US Equity Risk Index

US Equity Risk Index

Our risk index is simply the percentage of out timing models that are bullish or bearish each week. For US equities we run 10 different models that look at trend, valuation, interest rates, inflation, sentiment, breadth, and intermarket relationships. I estimate that 53% of the individual components in the 10 models are equity trend based. There are a few reasons for this but the most important gets at the heart of timing. We use timing tools to help us first lower risk and in a distant second to increase returns. It turns out that trend following indicators while not a “Holy Grail” do a great job at keeping you in the big moves and minimizing your downside.

Our models come from many places. If you are familiar with Nelson Freeburg, Marty Zweig, and Ned Davis you would recognize a few of the models and would be able to see the inspiration in the other models.* Five of the 10 are straight from their material and the other five while homegrown take inspiration from their work. All the models have been backtested and while most of them slightly improve returns they all drastically improve drawdowns which is our primary goal.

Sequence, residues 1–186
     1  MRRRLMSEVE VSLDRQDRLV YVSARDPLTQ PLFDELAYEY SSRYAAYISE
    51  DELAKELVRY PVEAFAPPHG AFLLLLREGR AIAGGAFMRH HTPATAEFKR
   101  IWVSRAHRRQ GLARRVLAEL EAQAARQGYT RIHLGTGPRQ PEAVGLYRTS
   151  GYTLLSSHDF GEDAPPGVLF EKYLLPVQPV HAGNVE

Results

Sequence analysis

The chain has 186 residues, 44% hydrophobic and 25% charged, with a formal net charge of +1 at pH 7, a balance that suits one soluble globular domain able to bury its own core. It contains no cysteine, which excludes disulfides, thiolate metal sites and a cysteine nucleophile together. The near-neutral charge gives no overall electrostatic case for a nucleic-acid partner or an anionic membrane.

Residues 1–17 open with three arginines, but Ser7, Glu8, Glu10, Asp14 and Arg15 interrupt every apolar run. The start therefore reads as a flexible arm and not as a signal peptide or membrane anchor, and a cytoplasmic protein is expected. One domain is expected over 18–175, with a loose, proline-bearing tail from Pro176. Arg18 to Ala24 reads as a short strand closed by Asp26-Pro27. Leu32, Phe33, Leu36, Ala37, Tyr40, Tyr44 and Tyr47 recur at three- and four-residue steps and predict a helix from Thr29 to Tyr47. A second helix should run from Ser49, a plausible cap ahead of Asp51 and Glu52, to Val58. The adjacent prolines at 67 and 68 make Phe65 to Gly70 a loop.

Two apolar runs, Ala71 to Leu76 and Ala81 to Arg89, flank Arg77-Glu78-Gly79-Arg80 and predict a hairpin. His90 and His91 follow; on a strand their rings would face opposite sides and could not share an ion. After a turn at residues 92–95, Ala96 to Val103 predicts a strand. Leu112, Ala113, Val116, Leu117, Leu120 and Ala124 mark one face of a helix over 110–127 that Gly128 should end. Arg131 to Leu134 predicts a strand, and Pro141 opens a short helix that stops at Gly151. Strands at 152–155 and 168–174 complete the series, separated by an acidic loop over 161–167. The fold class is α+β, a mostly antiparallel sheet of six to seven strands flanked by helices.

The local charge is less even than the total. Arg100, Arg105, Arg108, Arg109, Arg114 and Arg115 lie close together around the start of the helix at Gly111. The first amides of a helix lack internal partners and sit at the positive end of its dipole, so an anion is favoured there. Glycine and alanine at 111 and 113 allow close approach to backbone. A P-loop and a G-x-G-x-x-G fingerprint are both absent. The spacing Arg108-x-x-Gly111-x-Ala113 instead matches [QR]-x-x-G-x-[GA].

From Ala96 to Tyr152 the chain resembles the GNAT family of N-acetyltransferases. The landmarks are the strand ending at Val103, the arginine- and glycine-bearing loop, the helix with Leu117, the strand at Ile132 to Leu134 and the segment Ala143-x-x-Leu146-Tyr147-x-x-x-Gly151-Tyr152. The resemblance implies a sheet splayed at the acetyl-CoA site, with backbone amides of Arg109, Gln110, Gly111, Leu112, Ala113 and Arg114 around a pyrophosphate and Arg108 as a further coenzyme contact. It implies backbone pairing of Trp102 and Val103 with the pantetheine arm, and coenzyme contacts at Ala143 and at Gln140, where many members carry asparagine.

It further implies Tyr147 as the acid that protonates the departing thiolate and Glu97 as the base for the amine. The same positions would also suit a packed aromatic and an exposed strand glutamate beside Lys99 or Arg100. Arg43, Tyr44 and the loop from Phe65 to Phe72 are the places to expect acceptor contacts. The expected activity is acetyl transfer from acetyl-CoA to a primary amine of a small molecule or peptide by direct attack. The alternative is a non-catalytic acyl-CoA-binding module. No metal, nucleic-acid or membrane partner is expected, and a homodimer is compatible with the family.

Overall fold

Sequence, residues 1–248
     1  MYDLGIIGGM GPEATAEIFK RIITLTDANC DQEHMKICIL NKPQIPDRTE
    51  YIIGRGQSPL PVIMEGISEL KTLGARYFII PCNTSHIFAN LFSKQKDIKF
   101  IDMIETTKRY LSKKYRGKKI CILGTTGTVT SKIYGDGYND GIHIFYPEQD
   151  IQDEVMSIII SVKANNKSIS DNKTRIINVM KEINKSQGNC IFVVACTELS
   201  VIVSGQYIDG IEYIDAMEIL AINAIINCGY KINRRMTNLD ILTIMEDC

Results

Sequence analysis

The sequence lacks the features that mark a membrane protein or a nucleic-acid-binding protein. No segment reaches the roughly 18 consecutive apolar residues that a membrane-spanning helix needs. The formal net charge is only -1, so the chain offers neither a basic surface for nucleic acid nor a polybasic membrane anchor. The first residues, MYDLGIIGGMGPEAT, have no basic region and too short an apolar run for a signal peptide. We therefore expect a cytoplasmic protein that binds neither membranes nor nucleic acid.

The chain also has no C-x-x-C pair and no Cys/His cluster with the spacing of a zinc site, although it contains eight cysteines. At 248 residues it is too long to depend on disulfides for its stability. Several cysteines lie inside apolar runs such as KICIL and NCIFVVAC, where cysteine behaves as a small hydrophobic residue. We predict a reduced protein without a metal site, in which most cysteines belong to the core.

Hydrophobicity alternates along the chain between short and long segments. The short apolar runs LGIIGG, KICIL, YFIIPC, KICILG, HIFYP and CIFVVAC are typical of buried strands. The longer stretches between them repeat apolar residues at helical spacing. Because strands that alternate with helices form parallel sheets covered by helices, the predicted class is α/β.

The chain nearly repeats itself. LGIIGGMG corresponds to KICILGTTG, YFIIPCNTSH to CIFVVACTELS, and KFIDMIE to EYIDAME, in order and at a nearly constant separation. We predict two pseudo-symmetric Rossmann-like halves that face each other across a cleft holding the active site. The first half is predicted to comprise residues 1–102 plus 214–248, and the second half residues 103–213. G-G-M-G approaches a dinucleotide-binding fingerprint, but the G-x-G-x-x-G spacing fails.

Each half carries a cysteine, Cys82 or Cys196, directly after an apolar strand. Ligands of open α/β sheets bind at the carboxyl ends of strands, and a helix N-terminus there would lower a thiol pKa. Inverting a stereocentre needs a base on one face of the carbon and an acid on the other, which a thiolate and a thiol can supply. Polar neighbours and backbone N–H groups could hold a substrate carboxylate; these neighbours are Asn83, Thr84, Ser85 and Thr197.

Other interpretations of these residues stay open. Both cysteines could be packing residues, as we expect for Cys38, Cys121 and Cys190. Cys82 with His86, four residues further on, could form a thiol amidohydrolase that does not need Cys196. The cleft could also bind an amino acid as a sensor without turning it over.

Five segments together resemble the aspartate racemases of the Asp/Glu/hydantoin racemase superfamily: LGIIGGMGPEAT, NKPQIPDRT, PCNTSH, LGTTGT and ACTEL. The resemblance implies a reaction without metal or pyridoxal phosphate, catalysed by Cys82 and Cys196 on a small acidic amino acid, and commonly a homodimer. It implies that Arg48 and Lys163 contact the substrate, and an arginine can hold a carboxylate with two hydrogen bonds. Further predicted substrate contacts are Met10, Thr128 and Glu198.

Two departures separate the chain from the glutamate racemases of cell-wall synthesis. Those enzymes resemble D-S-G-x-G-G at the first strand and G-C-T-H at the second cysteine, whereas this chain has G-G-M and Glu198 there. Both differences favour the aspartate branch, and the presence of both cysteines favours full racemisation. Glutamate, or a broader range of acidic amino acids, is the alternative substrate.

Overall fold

So if each of these models is solid in its own right why would we take a consensus approach? There are several reasons but the two that stand out are that you never know when the market is going to change and invalidate a model. Now we can stand a prolonged period of under-performance but we cant handle a catastrophe.  If a model underperforms for a long enough period of time we would take it out if we could see that something had changed. As an example I once created a breadth based system that I was able to backtest and it generated low 20% returns with the worst drawdown being just over -7%. Well I got to use it for about a year before decimalization came and within weeks the results when to hell. I suspected something was off but it took a few more months to confirm it. I still update it and monitor it as it displays a certain segment of market behavior but its risk/reward is no longer favorable.